DEALING WITH THE death of a loved one can be
both emotionally and financially overwhelming.
While most people in the funeral business are honest, unfortunately there are also those who try to
take economic advantage at a vulnerable time.
These tips will protect and inform you, so you can
make the best decisions for your family.
Choosing a home
In most states you are not legally required to use
a funeral home to plan and conduct a funeral. If you
can, treat it like any other major purchase and get at
least three different price quotes. Compare costs for
goods and services such as transporting and caring
for the body, urns and caskets, arrangement options
and embalming. Many homes have packages that
may be more cost-effective than individual items or
services. Direct burial and cremation can cut costs,
and federal law requires that these options be listed
on a funeral home’s price list.
Funeral homes have lower-priced caskets and
burial containers, so ask to see those alternatives.
You can also find caskets and urns online. Do your
research before you buy. Federal law says that a
funeral provider cannot charge an additional fee if
you buy a casket or urn yourself, or require you to
be there when the casket or urn is delivered.
Also, be aware that your local funeral home may
not have the best prices. You could save money
using a funeral home outside your area.
According to data from the National Funeral
Directors Association, the median cost of a funeral
with viewing and cremation is more than $6,000.
That does not include cemetery and burial services.
But a funeral doesn’t have to cost that much. Funeral
expert Josh Slocum, executive director of the
Funeral Consumers Alliance, says, “You can choose
simple arrangements. You have other options: direct
burial or cremation, or something in between.”
There are drawbacks to prepaying for a funeral.
You do have the option to prearrange without prepaying or to establish a “payable on death” bank
account. This account can be made payable upon
death to a trusted beneficiary. In regard to burial and
pre-need insurance, in most cases you will spend as
much or more in premiums as the policy will pay out
at the time of your death.
Slocum says, “The only time it makes sense to
prepay is if you’re right about to go on Medicaid to
cover your care expenses. Unfortunately, Medicaid
will not accept a simple ‘pay on death’ account. They
require you to prepay through a funeral home. Never
prepay ‘just in case’ you should ever go on Medicaid,
because you must pay for an irrevocable account.”
It is best to plan ahead for a funeral so you are
not making emotional decisions. Bring a trusted
friend or family member to a funeral home to help
you make the best financial decisions.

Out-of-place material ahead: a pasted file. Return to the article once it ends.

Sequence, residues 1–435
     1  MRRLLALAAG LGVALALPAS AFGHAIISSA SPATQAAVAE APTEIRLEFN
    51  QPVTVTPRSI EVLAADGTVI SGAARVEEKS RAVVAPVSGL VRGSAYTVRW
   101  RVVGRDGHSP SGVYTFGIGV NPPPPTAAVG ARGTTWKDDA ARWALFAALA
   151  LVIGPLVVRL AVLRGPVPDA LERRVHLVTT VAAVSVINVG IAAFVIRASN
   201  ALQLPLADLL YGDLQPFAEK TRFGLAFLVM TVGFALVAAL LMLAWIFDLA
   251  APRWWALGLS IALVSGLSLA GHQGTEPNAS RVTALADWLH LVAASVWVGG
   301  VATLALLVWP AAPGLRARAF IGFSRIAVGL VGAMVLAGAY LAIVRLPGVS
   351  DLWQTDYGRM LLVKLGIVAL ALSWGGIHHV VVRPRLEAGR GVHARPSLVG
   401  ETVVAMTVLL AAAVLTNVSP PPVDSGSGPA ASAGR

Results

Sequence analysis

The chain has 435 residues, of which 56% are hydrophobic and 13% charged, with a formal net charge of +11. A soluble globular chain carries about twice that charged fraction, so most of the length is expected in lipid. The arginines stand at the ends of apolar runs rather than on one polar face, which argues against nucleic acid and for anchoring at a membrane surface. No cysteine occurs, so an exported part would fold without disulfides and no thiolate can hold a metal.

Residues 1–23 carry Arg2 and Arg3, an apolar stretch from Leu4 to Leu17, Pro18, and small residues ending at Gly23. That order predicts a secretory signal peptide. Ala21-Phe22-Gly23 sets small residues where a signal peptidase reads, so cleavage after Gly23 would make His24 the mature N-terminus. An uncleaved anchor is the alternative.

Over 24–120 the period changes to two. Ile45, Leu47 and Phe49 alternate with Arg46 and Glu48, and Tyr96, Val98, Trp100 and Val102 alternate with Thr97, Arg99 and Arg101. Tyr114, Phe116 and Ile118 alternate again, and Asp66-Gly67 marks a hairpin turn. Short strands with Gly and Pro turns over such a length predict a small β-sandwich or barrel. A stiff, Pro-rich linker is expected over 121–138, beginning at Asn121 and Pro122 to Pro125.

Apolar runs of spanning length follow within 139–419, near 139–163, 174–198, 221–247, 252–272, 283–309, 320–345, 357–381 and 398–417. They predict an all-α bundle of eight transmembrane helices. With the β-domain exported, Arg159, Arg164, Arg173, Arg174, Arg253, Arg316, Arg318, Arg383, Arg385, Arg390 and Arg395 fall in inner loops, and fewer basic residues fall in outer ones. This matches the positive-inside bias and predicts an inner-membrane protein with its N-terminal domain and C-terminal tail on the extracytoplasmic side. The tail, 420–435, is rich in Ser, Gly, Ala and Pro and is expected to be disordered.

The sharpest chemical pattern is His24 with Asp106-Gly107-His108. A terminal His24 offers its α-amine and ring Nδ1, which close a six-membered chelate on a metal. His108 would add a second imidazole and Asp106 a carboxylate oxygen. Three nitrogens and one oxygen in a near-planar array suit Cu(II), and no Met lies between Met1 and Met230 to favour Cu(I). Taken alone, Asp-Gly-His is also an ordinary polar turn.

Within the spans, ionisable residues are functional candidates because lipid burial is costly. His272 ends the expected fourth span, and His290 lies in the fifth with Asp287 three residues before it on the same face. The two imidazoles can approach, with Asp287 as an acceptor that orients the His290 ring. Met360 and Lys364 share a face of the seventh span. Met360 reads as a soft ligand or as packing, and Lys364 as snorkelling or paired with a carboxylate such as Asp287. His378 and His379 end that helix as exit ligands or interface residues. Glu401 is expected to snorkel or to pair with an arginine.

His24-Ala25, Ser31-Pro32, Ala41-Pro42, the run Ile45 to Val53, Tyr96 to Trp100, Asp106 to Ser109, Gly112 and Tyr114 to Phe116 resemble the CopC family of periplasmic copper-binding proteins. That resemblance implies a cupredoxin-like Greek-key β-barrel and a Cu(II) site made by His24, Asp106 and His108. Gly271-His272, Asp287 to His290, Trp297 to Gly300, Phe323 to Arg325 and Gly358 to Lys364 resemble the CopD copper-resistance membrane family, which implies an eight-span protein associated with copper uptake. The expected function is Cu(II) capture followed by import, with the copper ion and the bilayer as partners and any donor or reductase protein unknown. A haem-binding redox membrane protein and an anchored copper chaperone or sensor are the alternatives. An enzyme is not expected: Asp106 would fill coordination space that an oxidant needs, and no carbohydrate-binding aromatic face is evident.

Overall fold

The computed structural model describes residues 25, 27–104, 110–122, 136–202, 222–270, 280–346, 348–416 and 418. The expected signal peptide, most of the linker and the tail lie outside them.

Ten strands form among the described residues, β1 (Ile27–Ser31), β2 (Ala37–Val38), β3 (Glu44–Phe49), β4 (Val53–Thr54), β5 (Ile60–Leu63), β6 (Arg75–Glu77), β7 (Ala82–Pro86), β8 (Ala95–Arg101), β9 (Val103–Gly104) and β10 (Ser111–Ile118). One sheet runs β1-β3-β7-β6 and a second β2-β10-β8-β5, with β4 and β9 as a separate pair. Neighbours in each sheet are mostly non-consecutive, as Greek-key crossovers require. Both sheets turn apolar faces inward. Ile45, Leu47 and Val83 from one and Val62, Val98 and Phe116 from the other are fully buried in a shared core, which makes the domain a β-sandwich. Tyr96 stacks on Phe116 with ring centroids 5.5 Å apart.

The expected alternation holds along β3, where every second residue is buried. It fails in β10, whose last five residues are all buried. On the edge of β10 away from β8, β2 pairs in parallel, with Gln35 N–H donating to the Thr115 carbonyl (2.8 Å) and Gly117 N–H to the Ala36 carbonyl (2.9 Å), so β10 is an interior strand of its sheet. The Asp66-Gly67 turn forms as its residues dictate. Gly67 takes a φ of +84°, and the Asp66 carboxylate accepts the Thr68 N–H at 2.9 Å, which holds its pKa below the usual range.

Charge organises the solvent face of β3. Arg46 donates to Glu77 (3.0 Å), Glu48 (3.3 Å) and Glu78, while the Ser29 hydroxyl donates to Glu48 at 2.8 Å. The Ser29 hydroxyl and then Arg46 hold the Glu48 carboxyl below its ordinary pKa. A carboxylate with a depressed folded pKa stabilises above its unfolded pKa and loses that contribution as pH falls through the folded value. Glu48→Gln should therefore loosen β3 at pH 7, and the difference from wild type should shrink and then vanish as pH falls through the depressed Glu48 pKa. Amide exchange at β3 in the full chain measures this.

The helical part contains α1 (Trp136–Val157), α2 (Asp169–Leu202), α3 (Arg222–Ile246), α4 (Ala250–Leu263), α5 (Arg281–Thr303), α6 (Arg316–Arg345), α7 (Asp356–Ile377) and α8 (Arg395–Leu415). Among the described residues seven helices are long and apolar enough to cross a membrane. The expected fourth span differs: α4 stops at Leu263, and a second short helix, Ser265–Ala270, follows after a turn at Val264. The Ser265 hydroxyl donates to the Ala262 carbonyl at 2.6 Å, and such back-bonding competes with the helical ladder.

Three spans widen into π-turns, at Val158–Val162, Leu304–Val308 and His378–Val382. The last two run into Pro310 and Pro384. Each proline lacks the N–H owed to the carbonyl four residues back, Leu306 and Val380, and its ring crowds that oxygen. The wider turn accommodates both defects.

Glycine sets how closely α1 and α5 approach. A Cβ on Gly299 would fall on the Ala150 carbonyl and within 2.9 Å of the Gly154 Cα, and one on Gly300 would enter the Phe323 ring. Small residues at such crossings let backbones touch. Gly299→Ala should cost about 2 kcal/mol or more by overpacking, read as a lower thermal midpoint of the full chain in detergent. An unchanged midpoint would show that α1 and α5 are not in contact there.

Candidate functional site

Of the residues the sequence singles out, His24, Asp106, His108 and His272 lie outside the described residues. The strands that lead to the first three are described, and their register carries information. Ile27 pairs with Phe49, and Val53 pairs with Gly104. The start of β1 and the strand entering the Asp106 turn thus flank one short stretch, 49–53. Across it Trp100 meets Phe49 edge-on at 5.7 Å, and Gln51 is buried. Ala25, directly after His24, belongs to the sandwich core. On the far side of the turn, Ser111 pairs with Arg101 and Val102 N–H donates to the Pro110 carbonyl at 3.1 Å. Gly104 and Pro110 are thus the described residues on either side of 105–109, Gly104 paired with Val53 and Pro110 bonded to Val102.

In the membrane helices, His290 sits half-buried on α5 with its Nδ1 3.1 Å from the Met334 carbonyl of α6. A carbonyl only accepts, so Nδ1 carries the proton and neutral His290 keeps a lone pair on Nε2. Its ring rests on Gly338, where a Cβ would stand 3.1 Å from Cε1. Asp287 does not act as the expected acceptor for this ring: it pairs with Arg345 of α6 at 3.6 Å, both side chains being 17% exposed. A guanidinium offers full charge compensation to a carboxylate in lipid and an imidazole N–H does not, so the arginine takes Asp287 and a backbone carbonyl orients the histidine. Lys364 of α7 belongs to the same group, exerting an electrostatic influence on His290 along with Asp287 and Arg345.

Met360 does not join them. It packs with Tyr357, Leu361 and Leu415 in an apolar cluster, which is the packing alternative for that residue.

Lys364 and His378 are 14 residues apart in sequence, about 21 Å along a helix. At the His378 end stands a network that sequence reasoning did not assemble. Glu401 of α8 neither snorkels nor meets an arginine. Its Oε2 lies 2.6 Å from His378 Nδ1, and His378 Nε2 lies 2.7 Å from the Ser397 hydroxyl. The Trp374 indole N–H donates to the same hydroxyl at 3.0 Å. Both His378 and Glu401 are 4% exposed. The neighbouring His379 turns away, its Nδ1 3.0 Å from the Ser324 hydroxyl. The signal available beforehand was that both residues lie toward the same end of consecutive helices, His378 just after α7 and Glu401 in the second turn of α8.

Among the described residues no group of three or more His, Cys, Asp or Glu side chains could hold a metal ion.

You have legal rights under the Funeral Rule,
enforced by the Federal Trade Commission (ftc.
gov), the nation’s consumer protection agency.
Under the Funeral Rule, you have the right to:
● Buy only the funeral arrangements you want.
You do not have to accept a funeral home package
that includes items you do not want.
● Buy separate goods (like caskets) and services
● Get prices over the phone.
● Receive an itemized price list in person.
● See a written price list before you see caskets.
● See a written outer burial container price list.
● Receive a detailed written statement after you
decide what you want and before you pay that
includes the total cost.
● Get an explanation in the written statement
from the funeral home that describes any legal cemetery or crematory requirement that requires you to
buy any funeral goods or services.
● Provide the funeral home with a casket or urn
you buy elsewhere.
● Make funeral arrangements without embalming. In most cases, refrigeration is an acceptable
alternative. In addition, you may choose services
like direct cremation and immediate burial, which
don’t require any form of preservation.
● Funeral Ethics Organization, funeralethics.org
● Funeral Consumers Alliance, funerals.org. C
David Horowitz is a leading
consumer advocate. David’s
daughter Amanda Horowitz
is the CEO of Fight Back! and
co-founder of FightBack.com.
Questions and answers of the
greatest interest to Costco
members will be used in this
column (with the permission
of the contributor) and will be
posted on fightback.com.
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Please note we are not licensed
professionals in any field. If you are
seeking advice you should consult
with your own licensed professional.
We do not assume any liability or
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application or accuracy of any information provided.
L L C Funeral advisory
Advance preparation can help ease a
difficult process at an emotional time